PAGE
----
If you dangle promises of recognition in the faces of your staff, they will eventually become disengaged and leave when you don’t deliver. This is an old and ineffective way to manage. It’s time to embrace a new way to get long term results, win hearts, and maximize potential with Balanced Accountability.

The Best Gift You Can Give

Year-end perks are important but done poorly, and you could end up sending the wrong message. An impersonal, poorly planned, or cheap offering can make your employees feel undervalued. You don’t need to spend an exorbitant amount of money to show your appreciation. But you do need to be considerate, and not just once a year. The same Snappy survey found that:

• 46% of employees prefer words of affirmation over presents
• 26% of employees prefer quality time with a supervisor or a coworker
• 22% of employees value receiving help from supervisors or colleagues on a project
Everyone wants to feel valued in their profession. Get started by showing your employees a bit of love this season. Some well thought out gifts, respect, and kindness should do the trick to convey how much they mean to you.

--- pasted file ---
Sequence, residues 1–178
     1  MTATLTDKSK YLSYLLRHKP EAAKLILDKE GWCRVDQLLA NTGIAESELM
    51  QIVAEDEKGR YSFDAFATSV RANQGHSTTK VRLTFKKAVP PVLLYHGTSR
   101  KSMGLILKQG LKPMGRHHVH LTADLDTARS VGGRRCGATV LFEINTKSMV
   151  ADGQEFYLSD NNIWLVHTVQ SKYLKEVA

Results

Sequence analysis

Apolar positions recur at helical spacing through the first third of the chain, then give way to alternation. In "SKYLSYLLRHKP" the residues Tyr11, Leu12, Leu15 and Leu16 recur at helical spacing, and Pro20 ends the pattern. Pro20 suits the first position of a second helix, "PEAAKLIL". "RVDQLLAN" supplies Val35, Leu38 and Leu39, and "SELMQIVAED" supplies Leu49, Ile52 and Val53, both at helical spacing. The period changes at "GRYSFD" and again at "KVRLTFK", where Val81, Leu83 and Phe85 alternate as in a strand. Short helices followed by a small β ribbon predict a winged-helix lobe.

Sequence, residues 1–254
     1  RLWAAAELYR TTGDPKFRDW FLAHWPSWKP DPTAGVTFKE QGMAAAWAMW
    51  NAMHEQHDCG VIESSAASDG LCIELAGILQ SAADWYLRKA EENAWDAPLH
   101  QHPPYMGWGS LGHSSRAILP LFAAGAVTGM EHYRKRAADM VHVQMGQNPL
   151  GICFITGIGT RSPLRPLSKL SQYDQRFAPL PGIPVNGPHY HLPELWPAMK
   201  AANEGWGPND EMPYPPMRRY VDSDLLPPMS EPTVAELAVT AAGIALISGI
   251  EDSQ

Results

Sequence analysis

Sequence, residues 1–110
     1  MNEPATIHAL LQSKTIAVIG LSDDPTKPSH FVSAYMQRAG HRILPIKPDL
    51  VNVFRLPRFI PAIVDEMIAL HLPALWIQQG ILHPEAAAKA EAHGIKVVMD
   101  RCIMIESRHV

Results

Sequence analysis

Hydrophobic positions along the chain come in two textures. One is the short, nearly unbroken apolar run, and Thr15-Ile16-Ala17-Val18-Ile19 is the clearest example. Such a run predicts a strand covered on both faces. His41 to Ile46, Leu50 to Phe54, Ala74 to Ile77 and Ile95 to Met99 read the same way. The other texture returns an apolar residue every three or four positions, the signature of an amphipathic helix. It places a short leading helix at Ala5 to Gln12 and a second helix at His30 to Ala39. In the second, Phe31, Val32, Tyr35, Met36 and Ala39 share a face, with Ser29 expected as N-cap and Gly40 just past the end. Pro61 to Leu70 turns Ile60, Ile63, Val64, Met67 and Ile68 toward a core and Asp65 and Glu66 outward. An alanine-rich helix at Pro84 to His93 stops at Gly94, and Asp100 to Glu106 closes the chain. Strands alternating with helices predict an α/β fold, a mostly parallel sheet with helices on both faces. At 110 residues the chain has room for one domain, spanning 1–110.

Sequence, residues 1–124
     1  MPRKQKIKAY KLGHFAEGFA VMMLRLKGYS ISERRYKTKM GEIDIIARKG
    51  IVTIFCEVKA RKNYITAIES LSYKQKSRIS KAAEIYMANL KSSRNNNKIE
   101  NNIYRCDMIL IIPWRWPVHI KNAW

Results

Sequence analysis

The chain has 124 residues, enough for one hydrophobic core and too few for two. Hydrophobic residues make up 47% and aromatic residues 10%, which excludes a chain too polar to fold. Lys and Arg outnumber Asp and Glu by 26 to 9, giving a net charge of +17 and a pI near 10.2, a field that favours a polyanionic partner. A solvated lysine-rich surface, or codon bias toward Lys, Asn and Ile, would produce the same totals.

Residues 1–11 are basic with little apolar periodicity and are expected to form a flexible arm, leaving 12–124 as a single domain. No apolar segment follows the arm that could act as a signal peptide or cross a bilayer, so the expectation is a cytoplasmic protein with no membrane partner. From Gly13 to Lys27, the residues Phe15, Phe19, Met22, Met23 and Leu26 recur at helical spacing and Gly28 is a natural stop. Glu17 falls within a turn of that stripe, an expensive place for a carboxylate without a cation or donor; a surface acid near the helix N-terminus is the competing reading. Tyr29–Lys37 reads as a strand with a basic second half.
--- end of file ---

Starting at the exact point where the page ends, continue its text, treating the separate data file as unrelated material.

Great Gift – Handwritten Card
I recently received a handwritten thank you card in the mail. Keep in mind what I usually receive junk mail and bills in my mailbox. So anytime I get a handwritten card, it always blows me away.

Handwritten notes always elevate the message so much more than text or email.
The note came in a beautiful card from Lovepop. I’ve officially thrown away my boring ones and upgrade to these amazing cards.

Link to LovePop Cards

About the Author:

Hernani Alves is an entrepreneur, author, international speaker, and executive consultant with over twenty years of business experience as a Sales Executive for a $3 Billion Company. He’s the founder of Balanced IQ, a company that helps leaders build world-class teams focused on getting sustainable results in varying economic climates.

In his book, Balanced Accountability: Three Leadership Secrets to Win Hearts and Maximize Performance, Alves delivers a newfound clarity on the case for accountability and the steps organizations, and individuals need to take to unleash their potential. He reveals the frame work needed to improve accountability in the workplace to win hearts and maximize performance.

To connect with Alves, please visit his LinkedIn Profile, Facebook or Amazon Author’s Page